--permitting parallel imports of patented pharmaceuticals;
--applying the principle of international patent exhaustion to shorten the terms of certain Philippine-issued patents.
In its initial form, the Roxas Bill appeared to violate several provisions of TRIPS, most seriously in its data exclusivity provisions and its prohibition on new use patents.

Note: In fact, the TRIPS does not require granting of new use patents, or data exclusivity.

September 11, 2009

Prescription Drug Price Reductions Commence
¶2. (SBU) Prescription drug price reductions commenced on August 15 for big retail outlets and will be fully implemented by September 15, 2009 for small retail drug outlets that do not have computerized inventory systems. This initiative stemmed from the passage of the Universally Affordable & Cheaper Medicines Act (Republic Act 9502) by the Philippine Congress, in June 2008. Spurred by the legislation, officials of the Departments of Health (DOH) and Department of Trade & Industry (DTI) sought to negotiate voluntary 50 percent price reductions on 21 prescription drugs from members of the Pharmaceutical and Healthcare Association of the Philippines (PHAP). These drugs, according to the DoH, are medicines that treat many of the leading causes of illness and mortality in the country.
¶3. (SBU) However, the government and pharmaceutical firms reached an impasse on five prescription drugs: amlodipine (anti-hypertension), atorvastatin (anti-cholesterol), azythromycin (antibiotic), cytarabine and doxorubicin (anti-cancer). Executives from Pfizer (not a PHAP member) told emboffs that the government did not consult sufficiently during this process, and did not select drugs that would have the greatest benefit for the Philippine masses. They also claimed there was no market study or economic analysis justifying the government's price reduction of 50 percent. Pfizer is particularly affected by the executive order because the drugs included constitute the bulk of the company's business in the Philippines.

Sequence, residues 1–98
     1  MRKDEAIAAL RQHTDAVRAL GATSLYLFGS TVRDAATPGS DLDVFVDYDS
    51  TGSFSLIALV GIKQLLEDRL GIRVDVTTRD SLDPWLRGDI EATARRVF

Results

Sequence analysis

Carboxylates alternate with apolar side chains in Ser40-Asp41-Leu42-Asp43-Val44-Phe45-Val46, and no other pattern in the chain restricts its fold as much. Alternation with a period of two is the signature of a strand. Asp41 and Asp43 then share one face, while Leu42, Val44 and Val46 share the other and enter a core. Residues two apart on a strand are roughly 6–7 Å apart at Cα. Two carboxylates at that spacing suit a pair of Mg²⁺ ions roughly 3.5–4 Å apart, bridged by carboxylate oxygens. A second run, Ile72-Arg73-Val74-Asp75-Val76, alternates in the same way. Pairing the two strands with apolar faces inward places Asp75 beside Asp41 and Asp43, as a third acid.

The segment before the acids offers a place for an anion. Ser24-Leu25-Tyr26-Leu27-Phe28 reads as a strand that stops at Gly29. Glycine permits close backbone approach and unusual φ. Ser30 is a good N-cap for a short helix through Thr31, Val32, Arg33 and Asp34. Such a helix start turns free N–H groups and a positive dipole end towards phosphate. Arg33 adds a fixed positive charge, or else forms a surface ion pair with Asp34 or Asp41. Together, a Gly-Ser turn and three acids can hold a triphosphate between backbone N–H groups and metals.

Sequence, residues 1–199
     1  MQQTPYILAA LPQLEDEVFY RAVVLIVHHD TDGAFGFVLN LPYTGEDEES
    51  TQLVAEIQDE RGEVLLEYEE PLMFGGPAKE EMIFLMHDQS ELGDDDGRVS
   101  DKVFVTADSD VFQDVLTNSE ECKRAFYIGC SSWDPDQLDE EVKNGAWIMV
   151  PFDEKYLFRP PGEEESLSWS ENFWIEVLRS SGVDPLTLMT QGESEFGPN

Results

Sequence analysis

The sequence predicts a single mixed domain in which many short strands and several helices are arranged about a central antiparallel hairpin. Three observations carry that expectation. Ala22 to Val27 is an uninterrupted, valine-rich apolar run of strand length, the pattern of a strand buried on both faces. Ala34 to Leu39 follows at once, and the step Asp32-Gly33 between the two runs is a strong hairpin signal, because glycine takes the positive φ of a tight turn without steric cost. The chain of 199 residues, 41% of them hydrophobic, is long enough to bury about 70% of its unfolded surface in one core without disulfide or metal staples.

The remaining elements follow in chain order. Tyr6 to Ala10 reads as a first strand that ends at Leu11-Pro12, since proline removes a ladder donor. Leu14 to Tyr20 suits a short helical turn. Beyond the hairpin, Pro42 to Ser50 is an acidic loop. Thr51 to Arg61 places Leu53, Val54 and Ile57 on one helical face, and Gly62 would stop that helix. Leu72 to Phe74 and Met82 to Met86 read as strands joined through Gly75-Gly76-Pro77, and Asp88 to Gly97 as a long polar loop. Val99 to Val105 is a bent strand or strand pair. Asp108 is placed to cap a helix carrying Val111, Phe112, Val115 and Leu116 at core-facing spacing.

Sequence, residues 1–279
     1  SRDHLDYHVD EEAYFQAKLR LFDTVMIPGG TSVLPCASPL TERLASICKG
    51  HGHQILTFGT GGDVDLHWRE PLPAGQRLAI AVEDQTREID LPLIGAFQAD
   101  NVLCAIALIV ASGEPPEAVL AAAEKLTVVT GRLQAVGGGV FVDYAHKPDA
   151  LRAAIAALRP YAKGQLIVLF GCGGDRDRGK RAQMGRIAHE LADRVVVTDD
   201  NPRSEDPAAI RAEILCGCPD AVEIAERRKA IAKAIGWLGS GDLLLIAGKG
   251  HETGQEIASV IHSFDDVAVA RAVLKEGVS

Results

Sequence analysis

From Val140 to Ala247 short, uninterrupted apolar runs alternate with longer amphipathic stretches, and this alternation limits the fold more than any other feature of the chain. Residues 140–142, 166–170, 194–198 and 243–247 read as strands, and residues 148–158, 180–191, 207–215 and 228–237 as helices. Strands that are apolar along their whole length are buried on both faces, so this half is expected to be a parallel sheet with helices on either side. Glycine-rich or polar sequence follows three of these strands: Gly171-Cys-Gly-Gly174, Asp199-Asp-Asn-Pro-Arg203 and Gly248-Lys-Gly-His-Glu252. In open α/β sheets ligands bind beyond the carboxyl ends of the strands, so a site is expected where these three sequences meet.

¶7. (SBU) Although the government conducted public consultations on the implementation of this law, industry officials have a point about the lack of thorough scientific or economic studies underlying the government's actions to halve the price of these medicines. On the other hand, there is intense pressure for the current government to reduce medicine prices as the election season is nearing (reftel A), and calls for affordable medicines increase from civil society groups (reftel B). Prescription medication prices in the Philippines are the second highest in Asia (next to Japan), in a country where about a third of the population subsists below the official poverty line. In this instance, some multinational companies failed to recognize that cheaper medicine for the masses is an emotional and political issue. When price controls were placed on several of their most profitable products, it affected some companies' whole business model. Investment, and therefore, job creation by research pharmaceutical companies in the Philippines, will continue to be inhibited by such government market interventions. Furthermore, Philippine civil society's and government's success in lowering prices might encourage further interventions. [emphasis added]